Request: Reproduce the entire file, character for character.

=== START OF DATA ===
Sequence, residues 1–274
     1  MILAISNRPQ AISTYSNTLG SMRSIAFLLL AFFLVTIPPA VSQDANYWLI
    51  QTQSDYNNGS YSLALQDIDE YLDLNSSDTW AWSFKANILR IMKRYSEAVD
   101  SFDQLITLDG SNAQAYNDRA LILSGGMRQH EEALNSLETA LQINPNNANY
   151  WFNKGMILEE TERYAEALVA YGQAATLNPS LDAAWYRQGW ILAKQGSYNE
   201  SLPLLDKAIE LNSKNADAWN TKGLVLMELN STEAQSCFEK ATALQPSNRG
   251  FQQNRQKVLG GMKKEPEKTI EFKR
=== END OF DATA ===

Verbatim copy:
Sequence, residues 1–274
     1  MILAISNRPQ AISTYSNTLG SMRSIAFLLL AFFLVTIPPA VSQDANYWLI
    51  QTQSDYNNGS YSLALQDIDE YLDLNSSDTW AWSFKANILR IMKRYSEAVD
   101  SFDQLITLDG SNAQAYNDRA LILSGGMRQH EEALNSLETA LQINPNNANY
   151  WFNKGMILEE TERYAEALVA YGQAATLNPS LDAAWYRQGW ILAKQGSYNE
   201  SLPLLDKAIE LNSKNADAWN TKGLVLMELN STEAQSCFEK ATALQPSNRG
   251  FQQNRQKVLG GMKKEPEKTI EFKR